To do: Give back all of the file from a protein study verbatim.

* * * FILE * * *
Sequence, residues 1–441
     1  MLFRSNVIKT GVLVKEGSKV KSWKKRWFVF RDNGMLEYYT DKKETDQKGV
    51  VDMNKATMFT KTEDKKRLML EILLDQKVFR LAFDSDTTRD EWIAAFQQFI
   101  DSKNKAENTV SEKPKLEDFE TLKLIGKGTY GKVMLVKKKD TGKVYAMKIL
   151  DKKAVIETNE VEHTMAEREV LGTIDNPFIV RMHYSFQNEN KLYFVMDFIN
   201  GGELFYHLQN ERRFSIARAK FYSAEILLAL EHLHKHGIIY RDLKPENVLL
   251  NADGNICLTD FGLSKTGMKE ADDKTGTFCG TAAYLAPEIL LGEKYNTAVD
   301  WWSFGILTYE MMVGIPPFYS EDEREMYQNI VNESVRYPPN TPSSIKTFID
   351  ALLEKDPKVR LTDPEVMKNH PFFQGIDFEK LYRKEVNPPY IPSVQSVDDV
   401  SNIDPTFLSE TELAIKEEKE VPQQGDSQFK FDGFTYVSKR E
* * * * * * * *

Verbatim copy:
Sequence, residues 1–441
     1  MLFRSNVIKT GVLVKEGSKV KSWKKRWFVF RDNGMLEYYT DKKETDQKGV
    51  VDMNKATMFT KTEDKKRLML EILLDQKVFR LAFDSDTTRD EWIAAFQQFI
   101  DSKNKAENTV SEKPKLEDFE TLKLIGKGTY GKVMLVKKKD TGKVYAMKIL
   151  DKKAVIETNE VEHTMAEREV LGTIDNPFIV RMHYSFQNEN KLYFVMDFIN
   201  GGELFYHLQN ERRFSIARAK FYSAEILLAL EHLHKHGIIY RDLKPENVLL
   251  NADGNICLTD FGLSKTGMKE ADDKTGTFCG TAAYLAPEIL LGEKYNTAVD
   301  WWSFGILTYE MMVGIPPFYS EDEREMYQNI VNESVRYPPN TPSSIKTFID
   351  ALLEKDPKVR LTDPEVMKNH PFFQGIDFEK LYRKEVNPPY IPSVQSVDDV
   401  SNIDPTFLSE TELAIKEEKE VPQQGDSQFK FDGFTYVSKR E